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While current discussion in NT study approaches the question “What is Christianity?” by giving attention to canon, the relationship between early Judaism and the early Christian church, and so on, this work approaches the same question from a very different angle. Underlining Christianity’s often close relation to temporal power (and its frequent misuse) across the centuries, Howard-Brook sets himself the task of not only distinguishing, but separating Christianity from those entities that attempted to make themselves its master. A second volume on the relationship between Christianity and empire will develop his exploration (p. 473), while another will explore America’s relation to the two “religions” he outlines (p. 111n31). The book includes an extensive bibliography (J. G. McConville, God and Earthly Power: An Old Testament Political Theology: Genesis-Kings [LHBOTS 454; London: T&T Clark, 2006] is strangely absent) and a combined author/subject index; there is no Scripture index.

Howard-Brook’s analysis moves between two poles, one of which sees Christianity as a “religion of empire” and the other as a “religion of creation” (p. xiv). He is sensitive not only to the current (and frequently spirited) discussion of religion’s relation to the public sphere, but also to the frequency with which those who reject Christianity give as their reason for doing so its past and present foibles, especially its association with intolerance or violence. The book opens with a theoretical orientation before giving over 400 pages to a survey of its theme across much of the Christian Bible and a few non-canonical or deuterocanonical works like Enoch and the Psalms of Solomon.

The Bible, Howard-Brook suggests, “gathers together witnesses to a passionate, historical argument over what it means to be ‘God’s people’” (p. 4). He focuses on the horizontal and contrasting aspects of “religion” in the Bible, defining “religion” as “the attitudes, beliefs, and/or practices that bind individuals together as a ‘people,’” and contrasts the religions of creation and empire in the following categories (in the following parentheses, the religion of creation’s position is followed by that of empire (pp. 5–6]):

Power and its allocation thus figure largely in Howard-Brook’s treatment of his topic.

The following summaries exemplify how the author’s reading strategy understands the biblical material. Taking for granted Genesis’s origin during the Babylonian exile, Howard-Brook suggests that its function was to counter the Babylonian perspective, which typifies the religion of empire. He suggests that Eve’s punishment of “many childbirths” is “a warning about the consequences of surplus agriculture” (p. 26), and God’s warning to Cain (Gen 4:6–7) “evokes the lure of Babylon’s wealth and splendor, grounded in ‘redemptive’ violence [the Babylonian god Marduk’s killing of the primordial goddess Tiamat and his establishment of Babylon as his city as recounted by Enuma Elish] and surplus agriculture” (p. 34). Abram complies with the divine command in Gen 12 to leave behind all that by which “people can become captured by empire and its religion” (p. 53), while Joseph interprets events according to “an imperial sense of the ‘divine order’” that favors the Pharaoh and sees the Israelites settling “in a land of empire” (pp. 88–89). In the NT, Howard-Brook finds the Fourth Gospel to be as anti-imperial as the Synoptics (p. 435). While the world’s peace (and Rome’s in particular) is “maintained by the twin pillars of lies and violence,” Jesus’ promise of peace is the result of his having conquered the world as he “stands in God’s truth and embodies God’s love” (p. 444).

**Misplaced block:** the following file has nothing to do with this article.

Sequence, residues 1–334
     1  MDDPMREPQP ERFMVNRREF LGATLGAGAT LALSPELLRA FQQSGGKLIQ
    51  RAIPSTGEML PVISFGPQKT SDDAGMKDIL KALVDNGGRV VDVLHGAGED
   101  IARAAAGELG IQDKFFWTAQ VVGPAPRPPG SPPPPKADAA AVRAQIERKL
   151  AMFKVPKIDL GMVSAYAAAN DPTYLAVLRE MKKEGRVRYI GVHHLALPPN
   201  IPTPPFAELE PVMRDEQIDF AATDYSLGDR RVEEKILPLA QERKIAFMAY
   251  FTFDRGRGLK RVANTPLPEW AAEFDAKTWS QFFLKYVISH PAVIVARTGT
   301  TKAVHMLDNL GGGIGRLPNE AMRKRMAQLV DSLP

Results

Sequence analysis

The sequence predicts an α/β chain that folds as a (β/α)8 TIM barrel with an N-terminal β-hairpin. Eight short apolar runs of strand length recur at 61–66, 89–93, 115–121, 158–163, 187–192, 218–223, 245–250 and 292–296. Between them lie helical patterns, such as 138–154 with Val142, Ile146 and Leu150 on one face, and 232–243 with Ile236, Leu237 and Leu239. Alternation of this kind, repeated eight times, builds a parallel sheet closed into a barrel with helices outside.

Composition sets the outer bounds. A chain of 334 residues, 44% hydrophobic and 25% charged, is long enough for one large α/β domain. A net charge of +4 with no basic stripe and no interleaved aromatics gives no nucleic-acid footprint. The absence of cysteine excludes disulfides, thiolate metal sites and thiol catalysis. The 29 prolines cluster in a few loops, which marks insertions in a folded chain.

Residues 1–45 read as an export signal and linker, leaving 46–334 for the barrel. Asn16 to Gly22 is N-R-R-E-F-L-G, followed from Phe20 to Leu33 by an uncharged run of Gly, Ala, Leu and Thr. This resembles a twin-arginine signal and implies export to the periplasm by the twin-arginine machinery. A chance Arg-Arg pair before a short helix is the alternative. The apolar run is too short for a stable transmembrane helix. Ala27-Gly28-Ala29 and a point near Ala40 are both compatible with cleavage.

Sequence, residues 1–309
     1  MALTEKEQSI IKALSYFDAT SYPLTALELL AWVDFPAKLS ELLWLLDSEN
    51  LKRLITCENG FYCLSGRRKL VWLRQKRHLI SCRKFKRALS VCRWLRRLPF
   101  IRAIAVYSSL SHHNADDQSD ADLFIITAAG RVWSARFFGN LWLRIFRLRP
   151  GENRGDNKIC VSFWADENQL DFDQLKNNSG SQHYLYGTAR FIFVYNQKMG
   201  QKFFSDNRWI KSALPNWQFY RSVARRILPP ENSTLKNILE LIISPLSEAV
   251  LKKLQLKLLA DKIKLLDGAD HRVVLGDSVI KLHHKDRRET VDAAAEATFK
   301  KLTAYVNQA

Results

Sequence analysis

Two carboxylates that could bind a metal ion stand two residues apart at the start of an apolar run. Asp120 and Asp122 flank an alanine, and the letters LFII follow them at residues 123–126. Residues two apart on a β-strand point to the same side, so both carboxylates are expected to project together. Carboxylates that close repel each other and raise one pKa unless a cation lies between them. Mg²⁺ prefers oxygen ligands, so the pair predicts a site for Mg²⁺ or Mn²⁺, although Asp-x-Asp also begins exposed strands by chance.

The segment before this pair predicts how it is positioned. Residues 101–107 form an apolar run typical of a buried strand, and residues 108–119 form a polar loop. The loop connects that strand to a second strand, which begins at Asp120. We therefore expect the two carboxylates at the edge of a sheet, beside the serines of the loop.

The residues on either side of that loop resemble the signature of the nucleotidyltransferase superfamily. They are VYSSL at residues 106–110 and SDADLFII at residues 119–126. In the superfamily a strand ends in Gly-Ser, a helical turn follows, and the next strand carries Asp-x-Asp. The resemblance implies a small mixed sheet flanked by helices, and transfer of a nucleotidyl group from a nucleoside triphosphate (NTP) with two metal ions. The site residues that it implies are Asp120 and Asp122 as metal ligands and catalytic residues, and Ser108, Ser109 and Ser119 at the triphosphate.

Much like the Gospel of John, Howard-Brook has written with a purpose: “we must not continue to allow the confusion between the ‘religion of creation’ and the ‘religion of empire’ to justify ‘Christian’ war, racism, exploitation, and other practices of domination and exclusion” (p. 474). While Christians should be in agreement with at least this general program, such is not always the case, and Howard-Brook’s work is thus timely and needed. While he sometimes advances novel interpretations, both his subject and his presentation of it make the work stimulating and provocative.

Although perhaps inevitable to some degree, it seems that the work’s focus on the theme of power has disrupted the varied yet coherent worldviews of the various biblical books. Despite his assertion that the first sin in Gen 3 was “the use of the human mind to respond to experiences and ‘needs’ that were not firmly grounded on God’s word alone” (p. 31), Howard-Brook seems to make the issue of power primary and to minimize the importance of the epistemological-soteriological focus of Gen 3. There is no mention of Gen 3:15 in that context, and throughout the volume little attention is paid to how one might move from empire-religion and enter creation-religion. Howard-Brook’s understanding of “eternal life” in John as “literally” (and therefore only) “life of the age” seems forced by his focus on the source of Jesus’ power and kingdom rather than its essence, and is paralleled by a pronounced de-emphasis on salvation from sin in favor of deliverance from “death threats” made by empires (p. 446). Indeed, it is perhaps the governing empire-creation polarity itself that effectively relegates soteriological concerns to the background, a subtle example of the interpreter’s power to mold what the text may say.

While Howard-Brook’s conceptualization of the Bible’s storyline may have transposed major and minor elements of the biblical plotline, it still merits attention as an extensive, if not comprehensive, treatment of its theme in dialogue with contemporary thought and biblical interpretation.

Daniel Timmer
Reformed Theological Seminary
Jackson, Mississippi, USA

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